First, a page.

Table 1. Characteristics of trials to date

β-adrenergic agonists

Alveolar edema is a central feature of ARDS, contributing to limitation of gaseous exchange and ventilatory failure. Experimental data suggest β-adrenergic agonists could accelerate alveolar fluid clearance, as well as provide cytoprotection, increased surfactant secretion and decreased endothelial permeability.

Based on the proposed effect upon alveolar fluid clearance, the β-Agonist Lung Injury Trial (BALTI) randomized 60 patients to IV salbutamol or placebo for seven days [6]. In this small, single center study, salbutamol therapy significantly reduced extravascular lung water at Day 7 compared with placebo (Table 1).

Subsequently, two large multi-center, randomized placebo-controlled trials were initiated. The first American study, ALTA (Albuterol Treatment for Acute Lung Injury) [7], enrolled 282 patients with ALI, but failed to demonstrate a difference in ventilator-free days between those receiving inhaled β-agonist therapy and those given placebo, and was stopped early as it breached the futility boundary (Table 1). In the most severely ill, as defined by the presence of shock at randomization, length of stay was significantly increased, suggesting worse outcome in this sub-group.

BALTI-2 was a concurrent UK multi-center study investigating intravenous salbutamol in patients with ARDS, but was terminated early due to excess mortality in the group receiving IV salbutamol [8] (Table 1).

On the basis of these larger trials, β-agonists should be avoided in patients with ALI. It is hypothesized that β-agonists may have a harmful cardiac effect, stimulating tachyarrhythmias and cardiac ischemia, resulting in a poorer outcome.

Neutrophil elastase inhibitors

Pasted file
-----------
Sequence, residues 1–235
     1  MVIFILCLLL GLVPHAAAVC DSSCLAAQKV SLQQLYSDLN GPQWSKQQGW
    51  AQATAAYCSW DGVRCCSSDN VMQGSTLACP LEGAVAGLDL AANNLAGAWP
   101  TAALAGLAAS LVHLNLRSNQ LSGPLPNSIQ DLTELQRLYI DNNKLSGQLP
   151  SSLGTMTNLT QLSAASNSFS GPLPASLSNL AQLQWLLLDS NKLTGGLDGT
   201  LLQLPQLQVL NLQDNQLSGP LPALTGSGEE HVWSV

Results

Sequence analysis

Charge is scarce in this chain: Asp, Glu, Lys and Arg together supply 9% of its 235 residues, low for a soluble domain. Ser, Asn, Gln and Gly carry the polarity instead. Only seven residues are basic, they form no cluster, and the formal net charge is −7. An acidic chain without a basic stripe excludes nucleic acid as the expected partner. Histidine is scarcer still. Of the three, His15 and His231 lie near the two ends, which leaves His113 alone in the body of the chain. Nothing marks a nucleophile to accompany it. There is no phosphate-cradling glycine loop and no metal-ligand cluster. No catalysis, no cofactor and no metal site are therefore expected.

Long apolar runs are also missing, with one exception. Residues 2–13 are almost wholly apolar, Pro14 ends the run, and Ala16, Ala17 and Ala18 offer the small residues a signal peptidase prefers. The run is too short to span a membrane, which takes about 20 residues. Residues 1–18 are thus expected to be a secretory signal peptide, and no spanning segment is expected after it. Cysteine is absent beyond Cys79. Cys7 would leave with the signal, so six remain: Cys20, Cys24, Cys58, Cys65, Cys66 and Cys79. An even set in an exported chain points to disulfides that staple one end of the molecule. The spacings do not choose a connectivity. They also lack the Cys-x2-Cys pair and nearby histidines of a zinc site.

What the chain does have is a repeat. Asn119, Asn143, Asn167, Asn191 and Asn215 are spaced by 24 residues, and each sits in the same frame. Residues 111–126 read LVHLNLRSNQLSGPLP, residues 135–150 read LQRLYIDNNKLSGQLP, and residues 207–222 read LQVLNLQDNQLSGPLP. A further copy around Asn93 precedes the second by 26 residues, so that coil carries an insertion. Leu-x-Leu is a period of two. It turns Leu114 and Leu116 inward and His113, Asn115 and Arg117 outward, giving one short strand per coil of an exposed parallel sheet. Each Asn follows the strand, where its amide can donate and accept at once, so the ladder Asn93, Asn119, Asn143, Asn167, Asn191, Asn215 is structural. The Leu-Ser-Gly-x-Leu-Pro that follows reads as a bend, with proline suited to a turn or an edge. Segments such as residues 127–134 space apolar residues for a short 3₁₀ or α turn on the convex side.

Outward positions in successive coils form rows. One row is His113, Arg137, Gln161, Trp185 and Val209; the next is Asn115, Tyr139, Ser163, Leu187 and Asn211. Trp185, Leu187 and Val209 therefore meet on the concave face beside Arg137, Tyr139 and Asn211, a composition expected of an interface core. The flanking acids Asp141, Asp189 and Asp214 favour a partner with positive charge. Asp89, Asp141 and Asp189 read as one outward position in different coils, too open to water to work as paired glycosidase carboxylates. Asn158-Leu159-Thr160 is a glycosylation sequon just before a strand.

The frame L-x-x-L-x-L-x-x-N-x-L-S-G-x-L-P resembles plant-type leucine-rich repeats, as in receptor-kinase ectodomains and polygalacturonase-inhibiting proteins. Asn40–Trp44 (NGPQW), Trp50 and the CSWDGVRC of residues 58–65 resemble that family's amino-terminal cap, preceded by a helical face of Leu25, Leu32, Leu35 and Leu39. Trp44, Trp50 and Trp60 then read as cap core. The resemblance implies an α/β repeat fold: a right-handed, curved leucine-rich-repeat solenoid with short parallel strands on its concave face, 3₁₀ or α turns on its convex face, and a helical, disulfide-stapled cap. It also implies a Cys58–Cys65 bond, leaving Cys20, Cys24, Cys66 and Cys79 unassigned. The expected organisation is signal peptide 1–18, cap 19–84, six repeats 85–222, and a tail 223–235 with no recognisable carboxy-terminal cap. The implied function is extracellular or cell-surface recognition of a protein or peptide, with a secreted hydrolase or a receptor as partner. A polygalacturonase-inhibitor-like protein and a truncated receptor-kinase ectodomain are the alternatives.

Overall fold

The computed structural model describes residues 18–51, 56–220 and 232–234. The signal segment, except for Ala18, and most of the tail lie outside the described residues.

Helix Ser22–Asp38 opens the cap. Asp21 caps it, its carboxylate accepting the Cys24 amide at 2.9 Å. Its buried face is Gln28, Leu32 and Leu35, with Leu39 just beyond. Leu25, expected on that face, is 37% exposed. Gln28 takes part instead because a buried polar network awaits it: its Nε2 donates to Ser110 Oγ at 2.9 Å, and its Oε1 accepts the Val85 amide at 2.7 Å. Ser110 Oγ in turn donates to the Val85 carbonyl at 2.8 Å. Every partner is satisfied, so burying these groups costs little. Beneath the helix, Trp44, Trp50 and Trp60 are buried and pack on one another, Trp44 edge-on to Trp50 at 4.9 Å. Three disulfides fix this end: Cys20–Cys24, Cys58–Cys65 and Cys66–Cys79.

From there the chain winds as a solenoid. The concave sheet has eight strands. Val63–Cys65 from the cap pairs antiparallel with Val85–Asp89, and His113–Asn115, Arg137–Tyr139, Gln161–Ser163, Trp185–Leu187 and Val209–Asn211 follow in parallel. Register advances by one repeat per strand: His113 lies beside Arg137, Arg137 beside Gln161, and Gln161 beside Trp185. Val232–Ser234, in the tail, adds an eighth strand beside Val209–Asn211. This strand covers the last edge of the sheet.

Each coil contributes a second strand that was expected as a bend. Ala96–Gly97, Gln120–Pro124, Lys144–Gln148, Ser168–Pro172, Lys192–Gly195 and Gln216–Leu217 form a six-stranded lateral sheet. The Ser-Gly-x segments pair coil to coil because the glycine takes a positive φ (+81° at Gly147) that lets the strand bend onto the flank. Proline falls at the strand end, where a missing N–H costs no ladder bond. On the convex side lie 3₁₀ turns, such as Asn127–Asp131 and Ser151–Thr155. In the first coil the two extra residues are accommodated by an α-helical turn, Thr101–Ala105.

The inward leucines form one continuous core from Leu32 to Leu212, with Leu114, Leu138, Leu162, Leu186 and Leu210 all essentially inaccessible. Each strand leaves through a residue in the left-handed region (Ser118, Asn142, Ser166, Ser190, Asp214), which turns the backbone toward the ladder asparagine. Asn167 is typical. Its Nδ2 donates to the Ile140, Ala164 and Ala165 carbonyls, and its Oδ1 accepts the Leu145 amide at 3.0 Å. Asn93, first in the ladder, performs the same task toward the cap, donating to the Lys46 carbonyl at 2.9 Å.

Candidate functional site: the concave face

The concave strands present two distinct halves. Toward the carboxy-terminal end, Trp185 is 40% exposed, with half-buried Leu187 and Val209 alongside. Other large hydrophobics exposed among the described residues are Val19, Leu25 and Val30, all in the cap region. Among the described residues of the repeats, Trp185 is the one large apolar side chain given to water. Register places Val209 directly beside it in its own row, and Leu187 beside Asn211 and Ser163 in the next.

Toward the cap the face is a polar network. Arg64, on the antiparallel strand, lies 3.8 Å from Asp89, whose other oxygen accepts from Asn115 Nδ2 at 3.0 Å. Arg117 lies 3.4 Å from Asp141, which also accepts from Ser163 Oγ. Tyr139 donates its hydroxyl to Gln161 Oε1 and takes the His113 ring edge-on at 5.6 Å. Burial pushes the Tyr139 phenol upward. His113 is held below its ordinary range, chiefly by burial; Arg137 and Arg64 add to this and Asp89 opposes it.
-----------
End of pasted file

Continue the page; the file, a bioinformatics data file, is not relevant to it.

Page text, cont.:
Neutrophil elastase (NE) is a serine protease found in neutrophil granules and has a range of physiological effects, including anti-microbial actions and modification of tissue repair and inflammation. Excessive NE is capable of degrading endothelial basement membrane, and has been implicated in the pathogenesis of ARDS. Following a positive study in Japan, silvelestat, a neutrophil elastase inhibitor, was investigated in an international randomized, double-blind, placebo-controlled, multi-center phase III trial (STRIVE) [9] (Table 1). The study was stopped prematurely due to an increase in 180-day all-cause mortality.

A more recent meta-analysis of eight clinical trials (including STRIVE) investigating silvelestat has shown it to have no effect on short-term mortality, and a worse outcome for 180-day mortality (Risk Ratio (RR) 1.27, CI 1.00 to 1.62) [10].

Corticosteroids

Given their effective anti-inflammatory properties, there has been extensive interest in the potential role of corticosteroids in both the prevention and treatment of ARDS. Different regimens have been investigated, varying from short courses of high-dose steroids to prolonged courses of lower doses.

High dose corticosteroids do not prevent ARDS in at risk subjects [11-13]. Therapeutically, both high-dose and moderate-dose steroids have so far failed to demonstrate efficacy in ARDS. An ARDSnet randomized, double-blind trial in 180 patients with ARDS for more than seven days, showed no effect of prolonged treatment with moderate-dose methylprednisolone compared to placebo [14] (Table 1). Although patients were liberated from mechanical ventilation earlier, patients receiving methylprednisolone were more likely to resume assisted ventilation, which was thought to be secondary to neuromuscular effects. In addition, initiation of treatment after 14 days of ARDS was associated with a harmful effect, with increased mortality at 60 and 180 days.